The functionalized silica sols (20 wt %) were mixed with the PR powder (80 wt %), stirred for 8 h at 65 °C and diluted with 10 volumes of ethanol. Glass fabrics (96 mm × 96 mm) were impregnated with this solution. Ethanol was removed by drying at room temperature for 1 h and at 60 °C for 10 min. Twenty of these pre-impregnated glass fabrics were stacked together, coating every layer with the solution of the PR with the functionalized silica sol and the appropriate hardener. EDA was incorporated to formulations containing epoxy groups (molar ratio Si/EDA = 4/1), and BPO to formulations containing methacrylate groups (in a weight ratio 1:100 with respect to MPMS). The cure was performed in the oven of a universal testing machine (United Testing Systems, Model STM 50 KN, Huntington Beach, CA, USA), using the following thermal cycle: 30 min at 100 °C, 60 min at 130 °C at a pressure of 5 MPa, 120 min at 180 °C and 10 MPa, 30 min at 100 °C keeping the pressure at 10 MPa, followed by the cooling to room temperature.
2.3. Characterization and Measurements
For the ablation tests, the samples were placed at 20 cm from the flame of the ablation gun originated by the combustion of acetylene with oxygen, both at a pressure of 0.5 MPa. Samples were exposed for 30 s and both linear and mass ablation values were determined. The evolution of temperature was recorded at twenty points across the material surface during the ablation test using an infrared thermometer.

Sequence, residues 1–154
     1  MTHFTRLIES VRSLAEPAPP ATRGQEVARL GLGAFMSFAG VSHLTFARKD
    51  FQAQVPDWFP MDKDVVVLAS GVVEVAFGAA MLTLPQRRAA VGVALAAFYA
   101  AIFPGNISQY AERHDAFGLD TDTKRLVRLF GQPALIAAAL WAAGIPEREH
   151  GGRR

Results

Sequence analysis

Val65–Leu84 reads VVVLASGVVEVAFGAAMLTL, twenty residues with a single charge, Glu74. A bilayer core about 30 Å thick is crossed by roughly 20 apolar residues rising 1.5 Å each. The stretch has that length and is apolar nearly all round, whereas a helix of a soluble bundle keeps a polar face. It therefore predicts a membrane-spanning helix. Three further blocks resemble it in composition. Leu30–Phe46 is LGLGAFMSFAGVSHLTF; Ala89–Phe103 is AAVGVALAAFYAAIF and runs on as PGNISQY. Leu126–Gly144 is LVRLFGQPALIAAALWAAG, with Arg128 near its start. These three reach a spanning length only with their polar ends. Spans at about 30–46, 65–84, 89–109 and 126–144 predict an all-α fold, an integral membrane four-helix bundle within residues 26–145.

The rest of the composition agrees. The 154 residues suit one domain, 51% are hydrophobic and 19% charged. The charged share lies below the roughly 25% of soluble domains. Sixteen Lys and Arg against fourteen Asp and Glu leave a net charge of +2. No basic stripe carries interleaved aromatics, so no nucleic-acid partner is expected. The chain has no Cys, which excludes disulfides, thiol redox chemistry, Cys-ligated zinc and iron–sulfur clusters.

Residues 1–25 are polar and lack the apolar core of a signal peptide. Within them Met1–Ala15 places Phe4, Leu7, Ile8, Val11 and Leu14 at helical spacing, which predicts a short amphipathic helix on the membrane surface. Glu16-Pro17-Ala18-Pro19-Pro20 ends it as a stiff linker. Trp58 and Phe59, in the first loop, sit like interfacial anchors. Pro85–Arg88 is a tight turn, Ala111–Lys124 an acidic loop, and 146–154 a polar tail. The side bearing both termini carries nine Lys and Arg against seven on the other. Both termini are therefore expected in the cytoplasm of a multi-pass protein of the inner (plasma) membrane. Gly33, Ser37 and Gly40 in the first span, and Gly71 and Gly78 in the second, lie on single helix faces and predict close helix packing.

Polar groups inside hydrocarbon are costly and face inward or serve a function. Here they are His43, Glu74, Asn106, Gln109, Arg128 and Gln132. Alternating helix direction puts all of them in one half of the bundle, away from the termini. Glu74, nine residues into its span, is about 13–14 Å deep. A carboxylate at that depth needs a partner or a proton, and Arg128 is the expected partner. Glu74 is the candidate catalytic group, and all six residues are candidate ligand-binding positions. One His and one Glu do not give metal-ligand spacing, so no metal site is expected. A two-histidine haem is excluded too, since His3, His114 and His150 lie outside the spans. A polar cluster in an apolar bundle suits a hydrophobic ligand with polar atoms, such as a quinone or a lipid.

Morphologies generated at the surface of the samples by the ablation treatment were evaluated from scanning electron microscopy images (FEI, Quanta 200 F, Brno, CZE).
3. Results and Discussion
3.1. Ablation Tests
Ablation tests of composite materials were conducted by placing the sample in the flame of an acetylene-oxygen torch. Both the change in linear dimensions and the mass loss were recorded. Results are shown in Table 1. Although values reported in the table are located above the acceptable limit (0.14 mm·s−1) , a large increase in the ablation resistance was observed when the phenolic resin was modified by the functionalized silica sols. This result can be used as a basis to increase the ablation resistance of formulations used in industrial practice. The ablation resistance of the composites decreased as follows: GPSD-PR > MPS-PR > GPS-MPS-PR > PR.
|Table 1. Results of the ablation test for different composites.|
|Matrix||Linear ablation (mm·s−1)||Mass ablation (g·s−1)|
Composites based on GPSD-PR were the most stable to the flame with only two thirds of the linear ablation and only a quarter of the mass ablation observed for composites based on the neat PR. The enhanced performance is likely due to the covalent bonding of epoxy groups to the PR and to the fact that the thermal decomposition of epoxy matrices generates olefinic residues that can undergo carbonization . Composites based on MPS-PR were next with regard to stability. This may be related to the reduced efficiency of the generation of covalent bonds with the PR through chain transfer reactions and to the propensity of the cross-linked methacrylate groups to thermally depolymerize at temperatures above 340 °C .